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Aug-01-2010 17:50printcomments

America Will Survive: But at What Price?

America will survive, but it will become the class structure it has always publicly eschewed itself to be.

American flag fading
Courtesy: twitrounds.com

(CALGARY, Alberta) - I’ve written a lot of critical commentary about what I see as the Decline of America, and I’ve been consistently taken to task about how I don’t see or understand America’s resilience, entrepreneurial spirit, etc.—from the American viewpoint. My friend and colleague Hank Ruark, regularly refers to the “wit and wisdom” of the American people who will somehow overcome adversity and obstacles. With all due respect to his years of knowledge and experience, he is looking backward, not forward. The fundamental document of the U.S. is the Declaration of Independence, the preamble to which is:

We hold these truths to be self-evident, that all men are created equal, that they are endowed by their Creator with certain unalienable Rights, that among these are Life, Liberty and the pursuit of Happiness. There are three errors or contradictions in this opening sentence.

First, is the concept “self-evident” which was an 18th century philosophical conceit. “Self-evident”, it turns out, is idiosyncratic. What is self-evident to one person, is not self-evident to another. We see this everyday in ordinary discourse. Herein lies the essence of both toleration and conflict. Toleration if individuals can allow that there are legitimate differences of viewpoint; and intolerance (fanaticism) as its opposite. “Fanaticism”, says psychoanalyst Richard Johnson “is always a sign that one has adopted one of a pair of opposites at the expense of the other. The high energy of fanaticism is a frantic effort to keep one half of the truth at bay while the other half takes control. This always yields a brittle and unrelatable personality. This kind of righteousness depends on ‘being right’.” American patriotism is basic fanaticism.

The second error is that “all men are created equal”. I believe this to be true, but the Founding Fathers did not. They did not believe in the fundamental humanity of any person whose skin colour was not white. This was the poison pill in America’s founding and it has still not been resolved and haunts the nation still. The third is of an inalienable right to the pursuit of life, liberty and happiness. This is not quite an “error” but a failure of vision.

In his 1936 presidential acceptance speech, FDR said: “An old English judge once said: ‘Necessitous men are not free men.’ Liberty requires opportunity to make a living—a living decent according to the standard of the time, a living which gives a man not only enough to live by, but something to live for.”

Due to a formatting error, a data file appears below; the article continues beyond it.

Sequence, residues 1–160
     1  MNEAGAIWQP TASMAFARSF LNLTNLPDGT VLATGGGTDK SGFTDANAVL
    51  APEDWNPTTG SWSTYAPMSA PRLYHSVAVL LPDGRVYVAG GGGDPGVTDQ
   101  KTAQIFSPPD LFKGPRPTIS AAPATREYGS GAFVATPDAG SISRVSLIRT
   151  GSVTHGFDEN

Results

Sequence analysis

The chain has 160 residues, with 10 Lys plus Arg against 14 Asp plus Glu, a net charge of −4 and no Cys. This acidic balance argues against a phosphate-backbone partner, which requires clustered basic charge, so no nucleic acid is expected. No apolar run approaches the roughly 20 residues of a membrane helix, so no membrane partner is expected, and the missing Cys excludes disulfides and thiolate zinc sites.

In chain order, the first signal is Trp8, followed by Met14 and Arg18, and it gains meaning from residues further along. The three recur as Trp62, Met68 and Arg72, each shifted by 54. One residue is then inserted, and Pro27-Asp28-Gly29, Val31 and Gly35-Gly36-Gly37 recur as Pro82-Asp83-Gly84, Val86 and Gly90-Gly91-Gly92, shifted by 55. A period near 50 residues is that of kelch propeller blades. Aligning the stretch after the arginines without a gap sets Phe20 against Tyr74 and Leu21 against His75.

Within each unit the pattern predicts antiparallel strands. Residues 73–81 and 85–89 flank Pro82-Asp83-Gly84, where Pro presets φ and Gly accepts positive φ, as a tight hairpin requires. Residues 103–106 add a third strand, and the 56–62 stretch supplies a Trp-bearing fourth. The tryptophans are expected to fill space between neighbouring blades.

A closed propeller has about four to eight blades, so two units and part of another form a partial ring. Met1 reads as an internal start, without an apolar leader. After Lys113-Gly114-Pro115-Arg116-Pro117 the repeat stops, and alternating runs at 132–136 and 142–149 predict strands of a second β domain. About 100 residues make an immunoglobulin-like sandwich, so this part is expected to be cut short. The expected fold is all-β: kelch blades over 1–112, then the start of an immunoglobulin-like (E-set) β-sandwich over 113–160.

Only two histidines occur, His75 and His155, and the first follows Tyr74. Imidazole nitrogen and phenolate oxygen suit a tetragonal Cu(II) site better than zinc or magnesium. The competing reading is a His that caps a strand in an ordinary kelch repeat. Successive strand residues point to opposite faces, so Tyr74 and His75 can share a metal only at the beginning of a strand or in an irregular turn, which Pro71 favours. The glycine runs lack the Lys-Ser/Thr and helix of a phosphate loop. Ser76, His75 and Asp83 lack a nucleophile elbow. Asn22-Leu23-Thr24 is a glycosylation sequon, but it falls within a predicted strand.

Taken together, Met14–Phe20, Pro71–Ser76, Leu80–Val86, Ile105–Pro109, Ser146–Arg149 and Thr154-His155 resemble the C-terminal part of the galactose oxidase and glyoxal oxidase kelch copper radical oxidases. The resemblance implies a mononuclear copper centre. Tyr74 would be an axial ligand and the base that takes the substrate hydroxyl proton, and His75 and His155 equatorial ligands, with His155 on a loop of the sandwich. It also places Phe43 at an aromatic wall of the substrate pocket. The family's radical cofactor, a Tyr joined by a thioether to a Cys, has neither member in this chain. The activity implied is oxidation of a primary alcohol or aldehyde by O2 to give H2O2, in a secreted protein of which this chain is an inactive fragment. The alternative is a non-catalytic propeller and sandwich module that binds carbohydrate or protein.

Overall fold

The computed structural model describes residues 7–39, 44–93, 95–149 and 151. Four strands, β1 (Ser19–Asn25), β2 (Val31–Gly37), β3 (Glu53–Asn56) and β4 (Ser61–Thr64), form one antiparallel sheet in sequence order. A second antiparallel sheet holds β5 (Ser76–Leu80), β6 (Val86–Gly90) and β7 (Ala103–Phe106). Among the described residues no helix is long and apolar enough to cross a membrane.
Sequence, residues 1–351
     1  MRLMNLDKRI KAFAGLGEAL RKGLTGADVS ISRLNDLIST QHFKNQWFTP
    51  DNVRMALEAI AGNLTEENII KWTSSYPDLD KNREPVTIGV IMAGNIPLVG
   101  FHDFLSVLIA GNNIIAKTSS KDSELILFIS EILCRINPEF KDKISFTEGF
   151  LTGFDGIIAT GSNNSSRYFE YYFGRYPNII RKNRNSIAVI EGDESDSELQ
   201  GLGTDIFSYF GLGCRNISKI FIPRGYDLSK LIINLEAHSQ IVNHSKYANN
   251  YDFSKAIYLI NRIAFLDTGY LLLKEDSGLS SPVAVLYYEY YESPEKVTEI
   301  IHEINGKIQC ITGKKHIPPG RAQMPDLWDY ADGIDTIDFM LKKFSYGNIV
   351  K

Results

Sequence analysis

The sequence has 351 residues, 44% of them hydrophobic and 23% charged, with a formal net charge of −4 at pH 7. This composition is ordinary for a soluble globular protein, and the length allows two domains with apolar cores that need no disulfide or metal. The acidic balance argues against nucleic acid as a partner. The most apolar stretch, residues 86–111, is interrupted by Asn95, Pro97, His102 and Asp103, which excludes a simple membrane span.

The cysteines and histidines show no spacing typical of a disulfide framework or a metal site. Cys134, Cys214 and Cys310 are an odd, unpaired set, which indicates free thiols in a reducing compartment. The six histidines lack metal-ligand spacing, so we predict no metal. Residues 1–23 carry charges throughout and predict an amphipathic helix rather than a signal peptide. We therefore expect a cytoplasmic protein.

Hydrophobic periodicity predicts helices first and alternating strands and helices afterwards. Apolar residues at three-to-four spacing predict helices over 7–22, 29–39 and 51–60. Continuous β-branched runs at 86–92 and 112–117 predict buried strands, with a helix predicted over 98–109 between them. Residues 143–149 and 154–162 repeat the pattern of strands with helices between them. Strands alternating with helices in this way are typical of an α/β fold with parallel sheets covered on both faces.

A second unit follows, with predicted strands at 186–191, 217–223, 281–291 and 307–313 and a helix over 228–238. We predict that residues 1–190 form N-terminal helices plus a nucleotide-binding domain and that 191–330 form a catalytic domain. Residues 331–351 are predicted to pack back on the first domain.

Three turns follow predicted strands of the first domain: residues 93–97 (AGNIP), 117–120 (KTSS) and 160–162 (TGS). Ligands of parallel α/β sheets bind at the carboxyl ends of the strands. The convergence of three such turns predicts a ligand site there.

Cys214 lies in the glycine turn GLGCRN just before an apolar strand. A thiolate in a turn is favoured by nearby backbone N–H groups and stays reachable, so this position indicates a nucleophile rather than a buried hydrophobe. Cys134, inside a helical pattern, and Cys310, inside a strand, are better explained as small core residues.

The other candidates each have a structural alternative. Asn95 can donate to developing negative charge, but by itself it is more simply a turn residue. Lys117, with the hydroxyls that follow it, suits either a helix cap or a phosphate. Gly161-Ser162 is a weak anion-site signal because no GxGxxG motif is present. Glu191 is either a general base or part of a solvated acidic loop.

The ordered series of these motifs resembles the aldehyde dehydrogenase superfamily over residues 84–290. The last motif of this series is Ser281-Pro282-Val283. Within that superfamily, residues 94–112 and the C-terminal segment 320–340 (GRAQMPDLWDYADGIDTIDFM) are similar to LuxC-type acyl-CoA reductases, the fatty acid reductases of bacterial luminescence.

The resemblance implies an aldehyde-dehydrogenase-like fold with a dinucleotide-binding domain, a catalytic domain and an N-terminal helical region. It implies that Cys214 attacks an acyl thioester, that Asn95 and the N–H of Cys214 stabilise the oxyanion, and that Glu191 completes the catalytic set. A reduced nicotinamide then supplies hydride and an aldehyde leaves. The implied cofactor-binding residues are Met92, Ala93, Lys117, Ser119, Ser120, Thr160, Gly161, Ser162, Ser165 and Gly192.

If you look around at your fellow citizens, you’ll see that many do not have liberty. Psychologist Abraham Maslow developed what he called a hierarchy of needs. A person suffocating is not going to be concerned about food or water; a person trying to cover the rent or mortgage to forestall homelessness or trying to get food to feed himself and his family is not going to be concerned with such bagatelles as democracy. Thus is laid the groundwork for fascism, to which some believe America is already a fertile ground. I agree with this conclusion. Just examine the Patriot Act.

America will surely survive as a nation, but at what cost? Diane Francis is a high-end conservative columnist with the National Post newspaper in Canada (founded by Conrad Black). She wrote a column recently about Black who had been imprisoned in the U.S. Black, she wrote, believed in American justice.

But he braved on, based on a misconception that he was dealing with the same culture as Canada or Britain.” This is an issue that my critics have not understood. They seem to believe that Canada and the U.S. are sufficiently similar to make direct comparisons. But, says, Francis: “The United States, where I was born and raised, is NOT an Anglo-Saxon country. It is not a country where people aspire to become members of a leisure class or to create a welfare state. It's a country where many hate government, but will march at the drop of a slogan in to some tinpot country and viciously shame, or call un-American, those who criticize the misadventure.

The United States is the greatest country in the world to live in if you are not old, sick, poor, a minority or too rich and privileged. It is changing, I hope, but it's still a paradox which still believes ‘In God we Trust’ and social Darwinism.” (Her comment about too rich and privileged is a sop to her friend Conrad Black; the rich and privileged in America do very well, thank you very much.)